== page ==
The Manastash Ridge Observatory, or the MRO, sits on top of a huge stretch of earth that pops out of the surrounding landscape of flat timothy hay fields.The ridge is actually an earthquake fault line, one of several in this part of the state.
Getting to the observatory involves a white-knuckle drive on a road full of rocks, a creek and at least one washout. Luckily, we are in an old Jeep Cherokee with high clearance. Parker Miles Blohm, KNKX’s photographer (who also knows how to change a tire), is in the passenger seat.
“Wow, there’s a truck down there that hit a tree,” Blohm says, looking down a steep slope. “It looked like an old 80s pickup. It had been smashed into a tree. The doors, windows and everything are gone. Hopefully, that won’t be us."
It’s early evening. We arrive at the top in one piece. We’re almost 4,000 feet up. We enter the whitewashed building. Most of it feels like a bunker.
Megan Kokoris, 21, and 26-year-old Mercedes Thompson, who are both studying physics and astronomy, give us a quick tour.
“Don’t drink the tap water, it's collected outside," Kokorkis says. "And a word of advice, don’t go in that room, it smells really bad."
When we ask what the source of the smell is Kokorkis says: “Mice.”
We head upstairs to the living room and kitchen area. Parker and I bring up two pizzas to share with the four students.
One wall is mostly windows. It’s truly a bird’s eye view. Mount Stewart is off to the left, Ellensburg down to the right. Sleeping bags are spread out on the big sofa. There’s a TV and a record player.
This is like overnight camp, or a fancy treehouse for astronomy students.
Except the food is much better. Twenty-year-old Sonia del Casal, another dual physics and astronomy major, goes over the menu.
“Right now we’re making wontons with tofu, carrots, napa cabbage and mushrooms," del Casal says. "I’ve made this cucumber dish that my grandma makes a lot. It has chili oil, garlic and vinegar."
There are also spring rolls with shrimp, stir fried green beans covered in scrambled eggs that taste like chicken, peanut sauce made from scratch and fried tofu triangles. Clearly, the pizzas we brought are not needed.
Kokoris and Thompson continue the tour and save the best for last. They lead the way into the cavernous room that holds the telescope. It’s a large white cylinder hanging from the ceiling.
Back in 1972, when this place was first built, everything here was state of the art. Today, it’s a bit obsolete. Over the decades, telescopes went from being operated in person to being manipulated remotely by computers. The observatory is now mostly used to teach astronomy students.
“It’s cool going from remotely using a telescope to to actually be hands on controlling it here,” Kokoris says.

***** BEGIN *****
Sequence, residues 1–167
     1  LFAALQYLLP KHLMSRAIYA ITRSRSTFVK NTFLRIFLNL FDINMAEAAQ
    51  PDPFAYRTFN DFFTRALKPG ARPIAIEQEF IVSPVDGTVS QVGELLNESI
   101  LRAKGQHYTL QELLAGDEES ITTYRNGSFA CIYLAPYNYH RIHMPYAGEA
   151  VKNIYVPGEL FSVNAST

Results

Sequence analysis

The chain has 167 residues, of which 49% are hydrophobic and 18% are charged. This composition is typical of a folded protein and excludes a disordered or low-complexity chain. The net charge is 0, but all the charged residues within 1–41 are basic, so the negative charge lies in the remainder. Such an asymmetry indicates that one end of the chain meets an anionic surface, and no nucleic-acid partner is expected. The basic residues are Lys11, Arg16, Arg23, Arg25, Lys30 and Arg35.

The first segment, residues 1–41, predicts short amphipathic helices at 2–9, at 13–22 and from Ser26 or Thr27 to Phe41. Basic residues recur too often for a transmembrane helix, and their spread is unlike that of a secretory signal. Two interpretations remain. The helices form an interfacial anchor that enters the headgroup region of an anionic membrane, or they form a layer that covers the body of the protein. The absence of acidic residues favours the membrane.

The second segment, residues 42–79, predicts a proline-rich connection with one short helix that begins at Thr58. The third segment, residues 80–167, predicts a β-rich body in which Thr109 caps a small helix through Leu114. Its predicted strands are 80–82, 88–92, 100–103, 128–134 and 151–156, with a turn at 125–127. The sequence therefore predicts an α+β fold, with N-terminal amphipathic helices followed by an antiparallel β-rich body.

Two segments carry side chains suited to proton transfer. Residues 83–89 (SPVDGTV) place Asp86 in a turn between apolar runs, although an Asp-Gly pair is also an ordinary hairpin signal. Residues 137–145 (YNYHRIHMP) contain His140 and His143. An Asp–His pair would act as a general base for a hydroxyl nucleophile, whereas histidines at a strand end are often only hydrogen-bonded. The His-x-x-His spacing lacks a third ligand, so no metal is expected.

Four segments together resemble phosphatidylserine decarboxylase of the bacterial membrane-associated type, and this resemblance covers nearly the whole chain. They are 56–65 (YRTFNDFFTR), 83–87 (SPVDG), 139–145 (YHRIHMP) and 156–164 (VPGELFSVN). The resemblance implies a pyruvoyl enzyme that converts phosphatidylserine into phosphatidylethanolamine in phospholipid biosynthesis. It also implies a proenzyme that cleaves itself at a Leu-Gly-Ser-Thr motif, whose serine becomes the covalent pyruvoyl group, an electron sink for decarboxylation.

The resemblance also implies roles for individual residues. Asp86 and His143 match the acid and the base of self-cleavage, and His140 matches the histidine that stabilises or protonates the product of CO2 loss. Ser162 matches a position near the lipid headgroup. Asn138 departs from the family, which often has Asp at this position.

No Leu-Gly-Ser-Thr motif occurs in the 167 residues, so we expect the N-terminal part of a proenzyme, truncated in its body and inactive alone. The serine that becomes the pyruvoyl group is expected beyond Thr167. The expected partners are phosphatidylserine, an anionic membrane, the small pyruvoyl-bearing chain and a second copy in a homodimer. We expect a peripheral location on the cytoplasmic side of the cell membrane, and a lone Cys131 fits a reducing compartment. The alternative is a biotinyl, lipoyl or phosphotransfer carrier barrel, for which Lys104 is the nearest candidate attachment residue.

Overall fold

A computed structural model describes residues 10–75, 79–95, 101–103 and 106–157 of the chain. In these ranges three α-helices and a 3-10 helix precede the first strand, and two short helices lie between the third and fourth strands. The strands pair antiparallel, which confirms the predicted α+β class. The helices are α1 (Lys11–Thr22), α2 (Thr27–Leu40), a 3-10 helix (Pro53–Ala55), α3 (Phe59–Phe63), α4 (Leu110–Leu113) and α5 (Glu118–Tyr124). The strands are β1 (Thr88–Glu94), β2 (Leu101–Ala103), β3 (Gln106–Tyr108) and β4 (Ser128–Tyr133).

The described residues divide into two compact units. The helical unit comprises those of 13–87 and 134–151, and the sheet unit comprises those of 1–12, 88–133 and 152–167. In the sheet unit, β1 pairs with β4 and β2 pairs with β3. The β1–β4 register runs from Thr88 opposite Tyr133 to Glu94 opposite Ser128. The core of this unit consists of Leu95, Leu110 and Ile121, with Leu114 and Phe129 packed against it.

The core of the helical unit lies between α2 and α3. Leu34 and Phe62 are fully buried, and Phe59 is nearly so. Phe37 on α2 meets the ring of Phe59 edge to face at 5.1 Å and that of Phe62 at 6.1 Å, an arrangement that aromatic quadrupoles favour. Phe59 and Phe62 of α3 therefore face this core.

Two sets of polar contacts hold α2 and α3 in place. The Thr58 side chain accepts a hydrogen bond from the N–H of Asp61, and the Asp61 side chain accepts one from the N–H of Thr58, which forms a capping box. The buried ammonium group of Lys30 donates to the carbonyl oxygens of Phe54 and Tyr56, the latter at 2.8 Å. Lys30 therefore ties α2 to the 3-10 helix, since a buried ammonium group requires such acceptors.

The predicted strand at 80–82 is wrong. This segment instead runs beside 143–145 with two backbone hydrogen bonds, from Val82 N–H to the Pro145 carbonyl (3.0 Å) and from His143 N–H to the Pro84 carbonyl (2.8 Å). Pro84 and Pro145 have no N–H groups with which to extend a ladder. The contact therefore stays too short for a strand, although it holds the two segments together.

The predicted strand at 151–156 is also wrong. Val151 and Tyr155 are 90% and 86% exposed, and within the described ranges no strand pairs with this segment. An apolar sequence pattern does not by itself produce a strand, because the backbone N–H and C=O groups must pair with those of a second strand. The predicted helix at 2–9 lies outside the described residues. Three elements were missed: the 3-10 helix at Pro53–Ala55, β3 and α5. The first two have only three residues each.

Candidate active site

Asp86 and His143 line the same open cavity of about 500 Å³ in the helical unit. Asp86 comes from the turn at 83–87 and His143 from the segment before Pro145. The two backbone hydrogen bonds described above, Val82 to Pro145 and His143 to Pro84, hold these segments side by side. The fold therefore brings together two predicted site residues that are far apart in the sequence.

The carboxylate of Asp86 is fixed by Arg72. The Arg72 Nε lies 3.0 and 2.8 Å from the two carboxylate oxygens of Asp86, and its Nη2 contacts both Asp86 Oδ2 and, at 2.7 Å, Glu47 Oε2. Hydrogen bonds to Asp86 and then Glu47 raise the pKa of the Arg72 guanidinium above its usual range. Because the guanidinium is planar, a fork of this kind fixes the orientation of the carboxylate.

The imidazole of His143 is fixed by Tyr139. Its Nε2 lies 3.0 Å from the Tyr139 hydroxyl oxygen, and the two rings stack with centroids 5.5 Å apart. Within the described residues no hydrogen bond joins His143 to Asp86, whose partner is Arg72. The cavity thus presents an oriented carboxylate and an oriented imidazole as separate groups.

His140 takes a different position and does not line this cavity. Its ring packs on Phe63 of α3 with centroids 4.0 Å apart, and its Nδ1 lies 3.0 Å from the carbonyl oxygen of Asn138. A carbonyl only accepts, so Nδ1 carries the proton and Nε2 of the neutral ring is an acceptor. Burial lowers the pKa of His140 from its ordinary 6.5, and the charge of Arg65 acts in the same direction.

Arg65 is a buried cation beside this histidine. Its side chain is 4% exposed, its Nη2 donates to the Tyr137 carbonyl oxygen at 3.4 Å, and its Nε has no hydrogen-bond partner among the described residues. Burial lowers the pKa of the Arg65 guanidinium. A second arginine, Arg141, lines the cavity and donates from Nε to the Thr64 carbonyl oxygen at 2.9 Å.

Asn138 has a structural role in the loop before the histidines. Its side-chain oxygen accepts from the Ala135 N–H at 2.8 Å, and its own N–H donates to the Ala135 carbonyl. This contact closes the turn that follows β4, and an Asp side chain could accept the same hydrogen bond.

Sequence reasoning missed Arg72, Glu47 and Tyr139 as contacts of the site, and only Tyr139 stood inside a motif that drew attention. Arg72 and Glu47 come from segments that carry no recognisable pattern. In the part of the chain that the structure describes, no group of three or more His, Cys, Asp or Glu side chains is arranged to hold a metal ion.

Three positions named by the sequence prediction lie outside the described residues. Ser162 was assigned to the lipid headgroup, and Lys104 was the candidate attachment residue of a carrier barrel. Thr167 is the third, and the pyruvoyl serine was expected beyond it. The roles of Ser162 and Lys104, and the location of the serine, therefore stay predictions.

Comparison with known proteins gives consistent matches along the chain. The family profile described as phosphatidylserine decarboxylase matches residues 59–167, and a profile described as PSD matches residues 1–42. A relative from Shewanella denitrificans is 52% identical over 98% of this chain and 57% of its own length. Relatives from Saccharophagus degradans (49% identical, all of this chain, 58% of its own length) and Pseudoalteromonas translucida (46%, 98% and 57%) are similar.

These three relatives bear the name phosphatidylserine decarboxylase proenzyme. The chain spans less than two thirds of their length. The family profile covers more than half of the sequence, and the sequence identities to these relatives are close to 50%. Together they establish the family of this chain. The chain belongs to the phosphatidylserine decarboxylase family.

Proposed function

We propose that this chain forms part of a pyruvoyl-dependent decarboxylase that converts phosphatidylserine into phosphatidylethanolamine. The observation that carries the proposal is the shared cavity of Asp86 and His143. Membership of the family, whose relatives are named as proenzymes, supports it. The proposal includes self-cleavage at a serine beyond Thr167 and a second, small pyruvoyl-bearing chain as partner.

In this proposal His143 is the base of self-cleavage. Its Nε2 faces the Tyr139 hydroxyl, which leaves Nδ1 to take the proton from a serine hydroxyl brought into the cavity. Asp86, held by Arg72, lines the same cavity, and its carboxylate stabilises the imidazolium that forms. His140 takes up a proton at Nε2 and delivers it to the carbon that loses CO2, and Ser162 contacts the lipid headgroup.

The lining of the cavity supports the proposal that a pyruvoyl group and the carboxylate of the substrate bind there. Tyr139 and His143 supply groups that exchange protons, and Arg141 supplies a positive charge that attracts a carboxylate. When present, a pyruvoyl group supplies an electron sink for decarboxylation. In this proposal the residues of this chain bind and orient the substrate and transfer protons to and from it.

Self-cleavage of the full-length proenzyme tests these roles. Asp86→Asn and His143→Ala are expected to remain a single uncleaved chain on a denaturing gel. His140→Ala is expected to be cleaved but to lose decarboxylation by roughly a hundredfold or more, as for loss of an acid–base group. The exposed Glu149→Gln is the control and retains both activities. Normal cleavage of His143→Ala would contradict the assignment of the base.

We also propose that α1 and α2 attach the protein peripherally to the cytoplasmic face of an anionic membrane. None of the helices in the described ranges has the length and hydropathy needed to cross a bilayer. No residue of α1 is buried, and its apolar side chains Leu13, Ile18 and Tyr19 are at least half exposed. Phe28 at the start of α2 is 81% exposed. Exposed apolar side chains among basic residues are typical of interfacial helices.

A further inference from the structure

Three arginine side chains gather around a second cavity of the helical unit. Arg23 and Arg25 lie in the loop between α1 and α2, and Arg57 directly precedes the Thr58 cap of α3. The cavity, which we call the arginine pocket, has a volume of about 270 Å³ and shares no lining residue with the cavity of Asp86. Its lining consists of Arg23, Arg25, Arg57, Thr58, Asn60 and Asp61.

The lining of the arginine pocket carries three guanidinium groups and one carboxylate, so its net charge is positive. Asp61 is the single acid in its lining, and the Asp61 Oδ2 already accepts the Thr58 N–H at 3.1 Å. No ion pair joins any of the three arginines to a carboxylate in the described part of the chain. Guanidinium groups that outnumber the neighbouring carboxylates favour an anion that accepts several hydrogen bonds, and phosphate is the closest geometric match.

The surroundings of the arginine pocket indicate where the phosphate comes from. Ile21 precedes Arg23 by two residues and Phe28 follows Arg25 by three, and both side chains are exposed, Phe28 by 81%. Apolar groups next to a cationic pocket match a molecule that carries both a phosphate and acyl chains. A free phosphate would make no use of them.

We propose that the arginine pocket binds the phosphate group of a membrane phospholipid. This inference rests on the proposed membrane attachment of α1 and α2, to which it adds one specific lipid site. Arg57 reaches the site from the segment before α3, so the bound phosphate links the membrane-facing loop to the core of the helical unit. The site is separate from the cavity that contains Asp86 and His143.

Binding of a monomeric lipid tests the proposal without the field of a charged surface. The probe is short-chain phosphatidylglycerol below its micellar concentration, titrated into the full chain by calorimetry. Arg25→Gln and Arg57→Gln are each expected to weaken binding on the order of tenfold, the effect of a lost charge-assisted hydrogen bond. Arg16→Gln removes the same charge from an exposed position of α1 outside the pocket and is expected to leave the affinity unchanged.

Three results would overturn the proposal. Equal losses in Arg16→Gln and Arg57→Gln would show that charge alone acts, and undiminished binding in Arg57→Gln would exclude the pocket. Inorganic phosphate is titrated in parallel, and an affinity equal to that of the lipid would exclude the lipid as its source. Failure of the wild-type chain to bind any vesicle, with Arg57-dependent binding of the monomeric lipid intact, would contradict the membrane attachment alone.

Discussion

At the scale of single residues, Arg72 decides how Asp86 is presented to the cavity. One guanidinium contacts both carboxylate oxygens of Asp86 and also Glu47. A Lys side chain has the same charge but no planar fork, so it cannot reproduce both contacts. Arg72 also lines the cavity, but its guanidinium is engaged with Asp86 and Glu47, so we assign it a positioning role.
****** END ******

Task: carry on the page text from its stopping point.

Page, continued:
Just because this telescope is old doesn’t mean it hasn’t had any updates. Megan holds up what looks like an Xbox controller. This is what opens the enormous dome and moves the telescope.
As the sun gets lower in the sky, the telescope is pointing at Zenith.
“Zenith means it’s pointing straight above us,” Kokorkis explains. If the telescope is not pointed at Zenith, it doesn’t know where to go.
We make our way out onto the roof and again; the view from here is vast.
The students get really excited talking about space and how they’re able to learn so much about space by using instruments such as this telescope, which is essentially a giant light catcher.
“You are literally collecting light and to be able to find the distance, the temperature, what is in the atmosphere, the type of the star, how old it is, how long it’s going to live and if there are planets around it. So many things,” Kokorkis says, excitedly.
On this night, the students will collect images of stars to learn if their light varies.
As we wait for the sun to set, we eat the delicious meal and Thompson shares more about the culture of this place. Things can get pretty silly here.
“If you’re on a trip with another group coming after you, we always try and prank each other," Thompson says. "So the group before us made all of these butt drawings. There’s a drawing in the control room right now that’s MRO with human legs and a butt."
Cleaning up after dinner, someone asks Thompson about a new ring on her left hand. Thompson shares the news that her longtime partner proposed; she said yes. Everyone squeals with surprise and shares their congratulations.
When the students aren’t gathering data and working with the telescope, they’re sharing moments like this — moments that are the building blocks for an adult life. However, youth still has a strong hold. Keeping in tune with the whole sleepaway camp vibe here, the students have deep conversations tucked in their sleeping bags.
“We have great conversations as we go to sleep,” del Casal says.
Thompson adds: “As astronomers, some of the questions you have to accept like how mall you are and how like everything you do in the end is kind of irrelevant.”
All of the students agree that, because their lives are tiny blips in the grand scale of time, they are free to make bold choices and pursue their passions.
“It relieves this pressure of existence,” Thompson says.
Before heading back down the horrible road in the dark, we all go outside to look up at the sky. The Milky Way stretches out above us. The dome of the observatory is open. The red lights from inside make it look like a giant white pizza oven that’s on fire.
It’s only 10 p.m. The peak hours for the students to study the sky are between 11:30 p.m. and 2:30 a.m. Their heads won’t hit pillows until 4 a.m. For them, the night is still young.